But it is also true that the treaty was, by degrees, restored.

In 1932, a British Governor General, Charles Bledisloe, rescued this land from private subdivision and gifted it to the nation. In 1975, the country's most astute Maori politician, Matiu Rata, steered through the New Zealand parliament, an act establishing the Waitangi Tribunal. It was empowered only to deal with Maori land grievances occurring from that date, but in 1985 that mandate was extended to investigate Maori claims going back to 1840.

That, together with a land march on Parliament, action by the Maori Council and activist groups, was the revolution. The Tribunal had only the power of recommendation, but its reports were startlingly clear, and forced the Crown to negotiate with the tribes, and to enshrine the treaty. The Labour Government 1984-90 dismantled state power, and spun off government enterprises into commercial State Owned Enterprises before selling many to private enterprise, but in the legislation that made such process legal it wrote in treaty principles, and the courts began to turn those principles into case law victories for Maori.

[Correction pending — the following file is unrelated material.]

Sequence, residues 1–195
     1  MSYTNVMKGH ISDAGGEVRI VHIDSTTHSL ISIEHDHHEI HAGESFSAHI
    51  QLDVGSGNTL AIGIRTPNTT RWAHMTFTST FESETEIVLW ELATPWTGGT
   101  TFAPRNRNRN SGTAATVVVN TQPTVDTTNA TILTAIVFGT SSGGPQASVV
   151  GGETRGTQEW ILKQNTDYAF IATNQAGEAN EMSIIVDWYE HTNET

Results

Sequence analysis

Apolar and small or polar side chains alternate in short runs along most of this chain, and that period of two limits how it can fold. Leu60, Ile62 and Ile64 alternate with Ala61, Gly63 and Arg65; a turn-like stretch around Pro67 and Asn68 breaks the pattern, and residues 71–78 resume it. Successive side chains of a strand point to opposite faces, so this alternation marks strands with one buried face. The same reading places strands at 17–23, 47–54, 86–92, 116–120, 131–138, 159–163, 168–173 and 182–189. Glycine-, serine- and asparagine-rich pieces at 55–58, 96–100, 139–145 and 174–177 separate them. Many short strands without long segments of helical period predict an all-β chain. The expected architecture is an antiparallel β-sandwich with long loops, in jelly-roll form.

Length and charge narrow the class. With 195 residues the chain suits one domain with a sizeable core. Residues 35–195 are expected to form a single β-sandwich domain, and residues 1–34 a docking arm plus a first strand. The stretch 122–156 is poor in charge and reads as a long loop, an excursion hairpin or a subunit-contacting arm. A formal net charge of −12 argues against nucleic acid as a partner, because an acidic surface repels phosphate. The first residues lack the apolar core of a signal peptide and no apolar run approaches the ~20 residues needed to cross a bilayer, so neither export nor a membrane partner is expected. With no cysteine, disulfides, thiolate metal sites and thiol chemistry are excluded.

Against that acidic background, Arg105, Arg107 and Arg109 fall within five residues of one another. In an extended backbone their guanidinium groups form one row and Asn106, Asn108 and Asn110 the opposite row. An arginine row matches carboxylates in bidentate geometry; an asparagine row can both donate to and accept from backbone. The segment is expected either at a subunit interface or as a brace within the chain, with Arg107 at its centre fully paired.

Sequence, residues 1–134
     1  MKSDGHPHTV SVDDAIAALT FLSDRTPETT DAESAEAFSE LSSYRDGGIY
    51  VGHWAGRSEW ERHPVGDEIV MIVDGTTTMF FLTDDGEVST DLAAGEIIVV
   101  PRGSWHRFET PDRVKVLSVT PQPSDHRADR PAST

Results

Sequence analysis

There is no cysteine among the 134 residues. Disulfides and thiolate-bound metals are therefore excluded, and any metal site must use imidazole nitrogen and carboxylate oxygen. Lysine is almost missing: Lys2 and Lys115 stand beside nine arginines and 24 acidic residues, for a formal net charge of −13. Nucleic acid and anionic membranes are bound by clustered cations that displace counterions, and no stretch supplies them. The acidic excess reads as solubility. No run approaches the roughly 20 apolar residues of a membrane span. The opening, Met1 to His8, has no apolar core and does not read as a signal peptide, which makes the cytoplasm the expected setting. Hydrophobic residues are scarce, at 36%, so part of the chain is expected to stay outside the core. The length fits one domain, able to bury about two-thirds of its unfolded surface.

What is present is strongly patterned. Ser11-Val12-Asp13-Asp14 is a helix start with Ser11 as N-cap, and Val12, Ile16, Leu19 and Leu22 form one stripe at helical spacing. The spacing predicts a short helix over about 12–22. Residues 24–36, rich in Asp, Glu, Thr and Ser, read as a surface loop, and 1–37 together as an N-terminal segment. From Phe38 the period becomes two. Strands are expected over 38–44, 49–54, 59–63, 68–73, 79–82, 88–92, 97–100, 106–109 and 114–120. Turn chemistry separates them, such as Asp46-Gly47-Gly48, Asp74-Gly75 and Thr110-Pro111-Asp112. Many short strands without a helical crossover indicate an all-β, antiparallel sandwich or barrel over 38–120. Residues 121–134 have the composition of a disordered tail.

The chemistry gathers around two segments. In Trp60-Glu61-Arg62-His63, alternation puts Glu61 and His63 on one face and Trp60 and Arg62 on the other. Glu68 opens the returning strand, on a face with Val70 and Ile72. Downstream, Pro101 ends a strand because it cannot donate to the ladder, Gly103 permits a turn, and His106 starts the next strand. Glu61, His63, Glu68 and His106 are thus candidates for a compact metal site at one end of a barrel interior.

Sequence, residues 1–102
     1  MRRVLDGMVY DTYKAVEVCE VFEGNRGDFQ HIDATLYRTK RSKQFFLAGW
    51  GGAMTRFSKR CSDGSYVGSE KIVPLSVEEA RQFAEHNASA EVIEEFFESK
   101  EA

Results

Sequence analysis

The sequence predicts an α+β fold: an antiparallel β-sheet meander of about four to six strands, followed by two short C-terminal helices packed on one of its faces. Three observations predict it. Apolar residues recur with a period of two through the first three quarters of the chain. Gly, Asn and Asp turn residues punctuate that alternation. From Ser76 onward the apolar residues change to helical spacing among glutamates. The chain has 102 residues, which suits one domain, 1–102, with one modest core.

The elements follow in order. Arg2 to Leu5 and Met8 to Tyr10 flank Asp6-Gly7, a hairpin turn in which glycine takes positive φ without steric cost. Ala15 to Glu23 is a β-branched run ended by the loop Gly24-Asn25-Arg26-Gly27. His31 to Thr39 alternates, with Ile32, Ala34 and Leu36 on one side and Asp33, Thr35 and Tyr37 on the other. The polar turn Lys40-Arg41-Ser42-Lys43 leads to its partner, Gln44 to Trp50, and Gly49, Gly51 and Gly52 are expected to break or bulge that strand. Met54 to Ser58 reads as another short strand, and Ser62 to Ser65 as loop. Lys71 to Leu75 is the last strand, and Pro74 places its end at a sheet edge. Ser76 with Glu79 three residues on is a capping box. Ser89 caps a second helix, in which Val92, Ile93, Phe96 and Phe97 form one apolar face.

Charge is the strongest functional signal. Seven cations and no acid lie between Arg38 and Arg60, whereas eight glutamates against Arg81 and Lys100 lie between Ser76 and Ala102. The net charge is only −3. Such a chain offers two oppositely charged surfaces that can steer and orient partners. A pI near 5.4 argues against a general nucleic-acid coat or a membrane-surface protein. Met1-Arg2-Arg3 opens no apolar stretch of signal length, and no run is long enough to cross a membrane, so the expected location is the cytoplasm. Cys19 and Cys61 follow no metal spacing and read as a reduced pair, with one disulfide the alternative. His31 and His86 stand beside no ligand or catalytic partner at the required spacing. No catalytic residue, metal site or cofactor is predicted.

I walked out of the Whare Runanga, and the Spirit of Adventure was out in the blue bay, its tall masts and rigging suggesting past things. The Treaty Ground, mown and spacious, fell away to its own rounded horizon like some small grassy planet. A tall flag-staff marked the place of the treaty signing, and a Maori workman was right there, binding a cleat onto one of the flagstaff's steel guy ropes.

Yogi Takimoana

Yogi Takimoana was Ngapuhi. His family had scattered south, but he'd been back in the tribal area for 15 years.

He was preparing for the treaty commemoration on February 6. Binding the cleat, but if you wanted his personal thoughts on the thing, he wanted less speeches at the commemoration and more performance.